"Don't frown?" Peggy asked. "What if I see something I don't like?"
"Don't frown!" Auntie Esi repeated. "You can make a mental note of the problem and deal with it later."
"And you can't eat or drink in public. It's unseemly for a king to be shoving things into her face. Plus, if there is a witch in the crowd watching you she can make you choke to death on whatever you're consuming."
Peggy had heard about the no-eating-in-public rule, though she was unaware it had to do with witches. It made sense, though, that witches, known as vengeful, jealous creatures, would want to harm a king, especially one who stood for the good. Witches created havoc for the sheer malicious pleasure of it, and you never knew who in your village was a witch. Sudden illnesses, childhood deaths, accidents: they might all be traced back to the kindly old grandmother next door or the jovial uncle down the street. Only a traditional priest, using tried and true rituals, could determine if bad luck was caused by the ancestors punishing selfish behavior or by a witch making trouble for good people, and then prescribe the proper rituals to take care of it.
Peggy sighed again. As king, she had to worry whether Uncle Joseph would haunt her for not burying him in a timely manner. She had to remain vigilant against evil spirits who might zoom into her. And now she had to defend herself against spiteful jealous witches who could be anywhere. Not eating or drinking in public was simple compared to these more troubling issues.
"In Otuam I will abide by this rule," she said. "But in the US, we all work so much that we have to grab a bite in public sometimes because when we get home it is too late to cook. And no one there knows I am a king."
"They know at the embassy. One of them might be a witch. And even if they aren't, it would be undignified to stuff your face even there."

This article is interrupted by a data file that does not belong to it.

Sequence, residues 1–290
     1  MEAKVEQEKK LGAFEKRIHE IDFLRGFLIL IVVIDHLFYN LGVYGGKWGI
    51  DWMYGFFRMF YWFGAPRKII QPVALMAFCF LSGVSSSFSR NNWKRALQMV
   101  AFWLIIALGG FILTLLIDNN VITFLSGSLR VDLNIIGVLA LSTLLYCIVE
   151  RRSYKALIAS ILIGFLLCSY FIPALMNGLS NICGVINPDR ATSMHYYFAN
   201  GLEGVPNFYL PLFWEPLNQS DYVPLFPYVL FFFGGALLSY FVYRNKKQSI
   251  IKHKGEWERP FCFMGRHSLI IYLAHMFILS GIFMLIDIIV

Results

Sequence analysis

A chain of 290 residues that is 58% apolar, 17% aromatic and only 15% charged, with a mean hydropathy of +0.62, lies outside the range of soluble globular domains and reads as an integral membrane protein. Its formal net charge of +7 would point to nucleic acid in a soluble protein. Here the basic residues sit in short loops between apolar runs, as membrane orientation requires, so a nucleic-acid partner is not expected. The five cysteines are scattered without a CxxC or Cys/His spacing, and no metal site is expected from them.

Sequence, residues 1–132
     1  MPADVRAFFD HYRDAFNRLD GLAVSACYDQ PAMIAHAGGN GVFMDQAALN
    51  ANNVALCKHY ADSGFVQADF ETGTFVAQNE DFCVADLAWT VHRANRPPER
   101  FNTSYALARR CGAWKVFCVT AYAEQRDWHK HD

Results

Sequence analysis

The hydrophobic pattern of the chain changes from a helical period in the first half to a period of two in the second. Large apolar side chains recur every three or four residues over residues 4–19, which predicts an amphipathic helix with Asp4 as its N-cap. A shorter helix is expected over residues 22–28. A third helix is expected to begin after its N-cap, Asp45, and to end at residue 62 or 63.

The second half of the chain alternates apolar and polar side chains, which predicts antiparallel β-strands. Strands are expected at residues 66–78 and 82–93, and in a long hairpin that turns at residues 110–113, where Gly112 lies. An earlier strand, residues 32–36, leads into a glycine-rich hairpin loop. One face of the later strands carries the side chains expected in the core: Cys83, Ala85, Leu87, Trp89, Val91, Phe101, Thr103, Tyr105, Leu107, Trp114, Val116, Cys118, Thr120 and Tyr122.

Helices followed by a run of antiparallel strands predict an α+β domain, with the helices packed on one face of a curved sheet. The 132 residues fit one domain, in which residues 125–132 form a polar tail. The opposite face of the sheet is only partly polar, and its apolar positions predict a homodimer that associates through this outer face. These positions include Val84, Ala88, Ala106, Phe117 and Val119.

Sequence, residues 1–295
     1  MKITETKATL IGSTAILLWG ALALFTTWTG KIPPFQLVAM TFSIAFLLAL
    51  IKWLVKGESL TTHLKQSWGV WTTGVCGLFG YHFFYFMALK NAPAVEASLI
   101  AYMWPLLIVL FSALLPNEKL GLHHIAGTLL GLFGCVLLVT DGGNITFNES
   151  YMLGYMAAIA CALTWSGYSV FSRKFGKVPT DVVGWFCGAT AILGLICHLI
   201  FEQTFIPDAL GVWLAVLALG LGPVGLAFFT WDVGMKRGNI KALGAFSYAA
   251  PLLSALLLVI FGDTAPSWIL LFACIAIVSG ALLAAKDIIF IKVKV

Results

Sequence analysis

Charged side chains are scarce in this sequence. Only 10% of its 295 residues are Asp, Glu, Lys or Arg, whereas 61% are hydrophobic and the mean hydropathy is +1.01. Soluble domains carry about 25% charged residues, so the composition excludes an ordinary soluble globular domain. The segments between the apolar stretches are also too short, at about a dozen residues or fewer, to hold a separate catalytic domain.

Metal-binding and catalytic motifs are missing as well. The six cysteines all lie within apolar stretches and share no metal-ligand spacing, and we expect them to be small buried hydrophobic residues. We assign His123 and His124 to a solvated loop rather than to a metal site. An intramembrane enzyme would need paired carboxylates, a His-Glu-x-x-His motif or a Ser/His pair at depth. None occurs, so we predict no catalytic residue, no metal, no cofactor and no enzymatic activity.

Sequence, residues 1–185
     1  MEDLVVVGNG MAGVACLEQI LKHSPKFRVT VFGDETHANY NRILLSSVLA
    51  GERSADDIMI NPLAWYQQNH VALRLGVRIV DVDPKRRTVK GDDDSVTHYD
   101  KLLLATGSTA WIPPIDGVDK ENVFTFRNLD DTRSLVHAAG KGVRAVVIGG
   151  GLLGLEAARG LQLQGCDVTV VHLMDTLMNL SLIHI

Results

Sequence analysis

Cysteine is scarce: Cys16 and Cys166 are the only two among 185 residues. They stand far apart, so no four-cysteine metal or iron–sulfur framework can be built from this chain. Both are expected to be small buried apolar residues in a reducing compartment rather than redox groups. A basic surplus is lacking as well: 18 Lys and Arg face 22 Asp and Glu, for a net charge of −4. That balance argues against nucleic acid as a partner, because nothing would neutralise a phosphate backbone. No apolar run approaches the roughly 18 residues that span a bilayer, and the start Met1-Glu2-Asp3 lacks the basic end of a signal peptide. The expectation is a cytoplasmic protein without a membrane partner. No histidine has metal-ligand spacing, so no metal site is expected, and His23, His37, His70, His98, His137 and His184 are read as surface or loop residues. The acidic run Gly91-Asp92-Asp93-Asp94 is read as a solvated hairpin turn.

Witches. At the embassy. Looking back on her twenty-nine years there, Peggy realized this could explain a lot of things.
"And Nana," Auntie Esi said, "the king can't argue in public."
"Argue in public?" she said, all wide-eyed innocence. Surely they hadn't heard anything of her arguments at the embassy. "Me?"
Cousin Comfort chimed in, "Nana, we all know that even since you were a small child, when someone misbehaves, you can't let it go."
"When you see an injustice," Cousin Comfort continued, "you are like a village dog with his jaws locked on a bone. You just don't give it up. But as king you will have to deal with these things in the council chamber, and not yell at people on the street or beat them with brooms." The aunties all laughed at that one.
Auntie Esi said, "And if you are wearing the crown and want to say a crude thing, you have to take it off before you speak so as not to dishonor it."
"And there's one more thing," Auntie Esi added. "It is not regal for a king to always be running off to the bathroom. When you have official events, we will give you a special dish that takes away the urge to urinate for the entire day. Still, it is best not to drink much before or during. Just a little water so you don't faint in the heat."
The heat. Though it was still early, the delicious coolness of the night had vanished, replaced by a stultifying miasma of sticky air. During the etiquette lesson, Peggy and her aunties had glowed at first, then perspired, and now the sweat was running down their faces in rivulets.
Peggy knew that the best drink to stave off the heat was beer, which Ghanaians drank in the morning as the heat rose. But beer was also the very drink to make you most want to run to the toilet. Peggy remembered an American comedian who once said, It's good to be da king. Except in Otuam the king would have to be thirsty, and hot, with a bursting bladder and witches putting hexes on her. Maybe it wasn't always good to be the king of Otuam.
From King Peggy: An American Secretary, Her Royal Destiny, and the Inspiring Story of How She Changed an African Village by Peggielene Bartels and Eleanor Herman. Copyright 2012 by Peggielene Bartels and Eleanor Herman. Excerpted by permission of Doubleday, a division of Random House Inc. All rights reserved. No part of this excerpt may be reproduced or reprinted without permission in writing from the publisher.
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